• 5. BODY CHARACTERISTICS Size and Shape : Algae are range in size, from the invisible (microscopic) to the visible (macroscopic) •Solitary unicellular algae Their shape are round, oval, or pear-shaped algae of this group. The example is Chlorella
  • 6. STRUCTURE • Thallus (haploid) • Four types of algae –Unicellular –Colonial –Filamentous –multicellular
  • 8. •Multicellular algae There are forms of thread, filament, and sheet-like multicellular algae. The example is Oedogonium which have filament shape body. •Unicellular algae in colony Cells are dependent on one another for their survival. The protoplast of each cell is connected to another by pores on the cell wall. The colony shape is like a disc, a ball, or net. The example is Hydrodictyon which have shape like a net
  • 9. CLASSIFICATION OF ALGAE • SEVEN PHYLUM BASED ON – COLOR – TYPE OF CHLOROPHYLL – FOOD-STORAGE SUBSTANCE – CELL WALL COMPOSITION
  • 10. ALGAE EUGLENOPHYTA PYRROPHYTA Fire CHLOROPHYTA Green CHRYSOPHYTA Golden PHAEOPHYTA Brown RHODOPHYTA Red CYANOPHYTA Green blue
  • 11. BODY STRUCTURE All algae are eukaryotic organisms, their contain chloroplast. There are many shape of chloroplast . Spherical, bowl-shaped, and belt-shaped. The main pigments in algae is chlorophyll. ADDITIONAL PIGMENTS Carotene Phycobilin Fucoxanthin (Brownish) Xantophylls (Golden) Phycocyanin (Bluish) Phycoerythrin (Reddish)
  • 13. Phylum Chlorophyta • Green algae • 7000 diverse species • Biologist reason that green algae give rise to land plants. • Both green algae and land plants have chlorophyll a and B as well as carotenoids and store food as starch • Both have walls made of cellulose
  • 15. RED ALGAE - SOURCE OF AGAR RHODOPHYTA
  • 16. Phylum Rhodophyta • 4000 species of RED Algae • Most are marine • Smaller than brown algae and are often found at a depth of 200 meters. • Contain chlorophyll a and C as well as phycobilins which are important in absorbing light that can penetrate deep into the water • Have cells coated in carageenan which is used in cosmetics, gelatin capsules and some cheeses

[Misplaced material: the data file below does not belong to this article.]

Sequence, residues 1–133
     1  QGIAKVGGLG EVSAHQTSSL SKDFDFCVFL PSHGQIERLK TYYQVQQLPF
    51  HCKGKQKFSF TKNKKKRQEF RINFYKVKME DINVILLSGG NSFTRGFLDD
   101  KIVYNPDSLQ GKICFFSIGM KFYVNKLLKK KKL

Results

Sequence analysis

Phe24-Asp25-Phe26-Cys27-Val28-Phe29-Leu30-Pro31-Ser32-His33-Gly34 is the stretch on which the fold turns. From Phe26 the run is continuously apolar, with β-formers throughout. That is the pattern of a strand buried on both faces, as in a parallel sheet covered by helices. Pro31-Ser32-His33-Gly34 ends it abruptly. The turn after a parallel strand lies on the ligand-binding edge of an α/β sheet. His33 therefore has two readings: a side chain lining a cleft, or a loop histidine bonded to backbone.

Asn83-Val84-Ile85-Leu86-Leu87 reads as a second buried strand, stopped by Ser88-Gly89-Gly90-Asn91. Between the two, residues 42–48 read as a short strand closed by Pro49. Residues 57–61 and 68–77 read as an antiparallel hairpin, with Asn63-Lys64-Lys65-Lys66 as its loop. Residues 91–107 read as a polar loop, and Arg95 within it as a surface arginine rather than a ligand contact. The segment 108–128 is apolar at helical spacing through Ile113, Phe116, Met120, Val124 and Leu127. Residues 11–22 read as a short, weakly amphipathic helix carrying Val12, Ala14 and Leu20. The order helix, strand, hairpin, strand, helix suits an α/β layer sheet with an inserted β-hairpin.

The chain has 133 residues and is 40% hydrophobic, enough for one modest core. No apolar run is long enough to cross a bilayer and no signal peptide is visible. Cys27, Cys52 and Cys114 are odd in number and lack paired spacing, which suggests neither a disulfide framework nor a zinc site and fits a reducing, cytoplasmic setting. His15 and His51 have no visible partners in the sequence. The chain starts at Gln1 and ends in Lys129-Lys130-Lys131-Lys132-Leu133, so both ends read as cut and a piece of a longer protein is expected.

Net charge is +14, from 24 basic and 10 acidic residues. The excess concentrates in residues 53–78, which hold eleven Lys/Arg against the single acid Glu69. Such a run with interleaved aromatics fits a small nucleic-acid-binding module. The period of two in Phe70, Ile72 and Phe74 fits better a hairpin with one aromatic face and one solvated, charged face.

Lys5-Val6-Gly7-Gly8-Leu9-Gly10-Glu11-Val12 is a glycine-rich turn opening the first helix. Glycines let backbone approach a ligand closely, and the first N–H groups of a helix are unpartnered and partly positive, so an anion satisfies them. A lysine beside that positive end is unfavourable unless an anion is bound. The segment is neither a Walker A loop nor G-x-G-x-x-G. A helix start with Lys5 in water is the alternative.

• 18. Phylum Phaeophyta • 1500 species of Brown algae • Mostly marine and include seaweed and kelp • All are multicellular and large (often reaching lengths of 147 feet) • Individual alga may grow to a length of 100m with a holdfast, stipe and blade • Used in cosmetics and most ice creams
  • 19. BLUE GREEN ALGAE Nostoc, Anabaena Cyanophyta
  • 20. Phylum Euglenophyta • 1000 species of Euglenoids • Have both plantlike and animal-like characteristics • Fresh water
  • 21. Other Phylum Representatives Diatoms – used in detergents, paint removers, toothpaste Dinoflagellates – red tides Important in the formation of petroleum products Golden algae
  • 22. PLANTS THAT SWIM - CHLAMYDOMONAS
  • 26.
  • 27. Several macroalgae are also the source of hydrocolloids such as agar-agar and carrageenan which are widely used in the food industry as stabilisers, thickeners and gelling agents.
  • 28. AGAR - MEDICINE FROM RED ALGAE
  • 30. Product Algae Function Food Carageenan Rhodophyta Stabilizer, Milk, yogurt, ice cream, soup, cream,pudding Agar Gelidium amansii (Red algae) Stabilizer, thickener Freeze food, processed cheeses Mayonnaise Alginate Brown algae thickener Ice cream, milk products, sauces, Confectionery, etc
  • 31. KELP - A RICH SOURCE OF IODINE
  • 32. Green Polymers Co-products from algae, including green polymers, chemicals and animal feed, will play a decisive role in the success of established and emerging algae production ventures.
  • 33. • Algae are good source of vitamins minerals, proteins, • Different colors, flavors, textures • Nutraceuticals • Omega-3 supplements and food ingredients • Protein powders • Totally unique omega-3 products contain both EPA and DHA. Highly valued, plant-based, vegetarian, nutritional supplements unlike mercury-contaminated fish oil. • Future: carotenoids; lutein, zeaxanthin, fucoxanthin, and astaxanthin — potent antioxidants that reduce cell damage and fight disease; fluorescent dyes (natural dyes that can replace synthetic dyes in food and cosmetics) Nutrition